Also, you can't use CO2 when you have a complete blowout with tubeless, but you can when you burp -- you know, when you burp enough to only leave about 15 pounds in the tire and you need 25-30. Also, on long rides in the middle of nowhere (Porcupine Rim in Moab, for example), it's just a good idea to carry at least a spare tube and some CO2. I thought this could be a useful feature.
  • + 1
 True... carry a tube and some sort of pump is always smart.

I missed the T25 somehow.

I still don't understand the point of the C02 adapter on the tool. You have to carry 1 or 2 cartridges anyways. If you're going to carry that you might as well carry the pump portion with it... and likely the tubes together. It just makes the tool bulkier than it needs to be. And if you're someone that carries a traditional pump and doesn't use C02 it's even further pointless.

C02 and latex sealants are a no mix situation unless you want to sealant to clump up/freeze and fail. But for burp refill since there is air in the tire and you can let the sealant roll to the bottom of the tire while you inflate from the top... I can see that.

Either way... just my opinion. Don't see the point for adapter on a tool like this.
  • + 1
 Why can't you use them on modern tubeless setups?
  • + 3
 C02 reacts with the latex sealant. It freezes it. It clumps up and fails.
  • + 3
 I would never take this tool to a park.
  • + 2
 Holy shit that's expensive for a multi tool
  • + 1
 Love my Topeak Hexus, great wee tool and has decent enough tyre levers built into it as well.. oh and its like £15
  • + 2
 Not sure what I was expecting
  • + 1
 "Don't buy cheap tools if you any tools that last."
  • + 2
 Want* goddamnit, I'm on my phone
  • + 1
 Ha! See, no bottle opener in This one...
  • + 0
 My "Park Tool" broke pretty quickly, and it was while using the Allen keys to tighten a hex, but I think it's a cheaper model than that one, with more tools (like tire prys).
  • + 1
 Also have a Topeak one that's been more reliable.
  • + 1
 lifetime warranty? i sure hope so for $55
  • + 1
 Welcome to every single tool made by park.
  • + 3
 Park makes some nice tools and the chain tool on this one looks pretty good, but their pricing is out of line - like, snap-on out of line. My strategy is buy mastercraft-equivalent for anything I can, which has decent return/replacement policy (same with sears), buy cheap OEM for things that you rarely use but can't do the job without (things like a headset press or star-nut setter) and splurge on the rare item that is bike-specific yet gets used relatively frequently, something like a dedicated chain tool (oh, I'm so sick of dinky little cheap-ass chain tools). Jenson & Price Point have decent house brands and some of hte Filzer stuff @ MEC is passable. I'd love to have 100% park but it ain't gonna happen in my lifetime - the upgrade/purge cycle is multi-generational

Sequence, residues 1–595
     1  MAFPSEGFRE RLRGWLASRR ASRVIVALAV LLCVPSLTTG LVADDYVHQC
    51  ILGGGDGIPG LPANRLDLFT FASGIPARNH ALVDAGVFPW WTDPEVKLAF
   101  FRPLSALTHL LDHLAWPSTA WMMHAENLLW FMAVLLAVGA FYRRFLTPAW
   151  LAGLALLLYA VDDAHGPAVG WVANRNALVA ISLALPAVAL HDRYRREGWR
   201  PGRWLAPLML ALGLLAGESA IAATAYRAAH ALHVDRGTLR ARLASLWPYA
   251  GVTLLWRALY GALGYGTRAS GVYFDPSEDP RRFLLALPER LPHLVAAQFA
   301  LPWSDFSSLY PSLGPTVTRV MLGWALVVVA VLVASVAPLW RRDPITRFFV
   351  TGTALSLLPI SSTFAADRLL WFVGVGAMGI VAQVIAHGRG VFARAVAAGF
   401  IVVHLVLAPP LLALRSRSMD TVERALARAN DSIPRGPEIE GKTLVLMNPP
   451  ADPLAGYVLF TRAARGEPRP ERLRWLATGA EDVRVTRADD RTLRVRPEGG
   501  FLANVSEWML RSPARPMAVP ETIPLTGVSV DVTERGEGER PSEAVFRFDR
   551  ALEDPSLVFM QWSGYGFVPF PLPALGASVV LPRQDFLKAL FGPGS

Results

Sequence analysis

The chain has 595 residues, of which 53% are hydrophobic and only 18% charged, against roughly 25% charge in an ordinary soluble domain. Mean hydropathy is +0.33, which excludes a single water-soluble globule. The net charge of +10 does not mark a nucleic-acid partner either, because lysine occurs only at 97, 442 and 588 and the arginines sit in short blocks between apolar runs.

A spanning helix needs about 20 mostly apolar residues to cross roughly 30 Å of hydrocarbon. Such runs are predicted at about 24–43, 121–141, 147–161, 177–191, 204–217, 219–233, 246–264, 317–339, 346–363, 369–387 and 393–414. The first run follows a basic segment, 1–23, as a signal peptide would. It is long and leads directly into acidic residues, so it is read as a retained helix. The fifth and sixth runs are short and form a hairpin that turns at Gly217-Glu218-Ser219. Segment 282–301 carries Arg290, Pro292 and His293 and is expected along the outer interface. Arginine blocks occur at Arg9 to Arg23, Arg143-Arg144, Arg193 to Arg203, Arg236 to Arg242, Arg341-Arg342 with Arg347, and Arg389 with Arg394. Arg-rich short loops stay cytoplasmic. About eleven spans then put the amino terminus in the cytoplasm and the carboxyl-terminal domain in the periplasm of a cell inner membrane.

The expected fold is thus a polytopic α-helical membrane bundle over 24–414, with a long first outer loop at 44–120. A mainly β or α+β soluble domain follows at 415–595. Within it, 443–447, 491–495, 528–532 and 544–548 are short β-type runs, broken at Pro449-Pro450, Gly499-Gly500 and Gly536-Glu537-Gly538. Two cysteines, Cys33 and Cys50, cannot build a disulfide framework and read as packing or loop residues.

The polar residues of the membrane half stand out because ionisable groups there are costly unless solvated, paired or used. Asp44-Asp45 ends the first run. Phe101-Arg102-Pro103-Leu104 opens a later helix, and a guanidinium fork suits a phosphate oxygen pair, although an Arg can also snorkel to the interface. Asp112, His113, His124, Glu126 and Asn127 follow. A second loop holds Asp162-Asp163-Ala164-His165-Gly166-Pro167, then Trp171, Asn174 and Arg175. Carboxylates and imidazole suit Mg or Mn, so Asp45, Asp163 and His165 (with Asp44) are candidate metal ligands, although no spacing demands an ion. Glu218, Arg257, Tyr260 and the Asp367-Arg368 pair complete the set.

• + 2
 T35? C'mon Mike!
  • - 1
 @nubbs

yeah, T35 seems redundant on a multi tool?

T25 most common used size for rotor bolts, control clamps and some finishing kit like Zipp

personally I prefer the Park AWS-10 hex key set, if I am taking any tool with me, and generally don't need to take tools to as my bikes are very well maintained; I can count the number of mechanical issues I've suffered on 1 hand in the past 10 years; predominantly tubeless tires failures caused by broken glass bottles on the trail. Most recent was a spoke snapping on the DT Swiss factory wheels on my road bike, piercing the tire/tube and not something that could be solved on the road.

If you are breaking chains (and needing an on-trail chain tool) something is wrong with the chain tool used to install your chain, or you have a damaged drive train (cassette / chainrings) that is causing secondary damage to the chain and causing it to fail.
  • + 1
 Use of a chain-tool trailside can be positively invaluable when you suffer serious derailleur damage in a crash. Shortening the chain for a single speed ride out is a superior option to a long hike. I'm not sure that a smooth round barrel is the ideal shape for that inflator. It would be nice if it had 'wings' or at least a flatter oval shape to facilitate threading it onto the valve-stem and cartridge threads.
  • + 1
 @b0bg

good point about crash damage on the trail requiring chain repair! Although in my Whistler experiences, mech damage is normally rolling back down the mountain to the nearest bike shop or the hotel room
  • + 1
 Rusty MT-40
  • - 3
 I love this....but i would love it more if it was made out of carbon fibre.
  • + 13
 Do you work for a steel company or something? All you ever do on pinkbike is bitch about carbon fibre
  • + 4
 Or bitch about pinkbike...on pinkbike.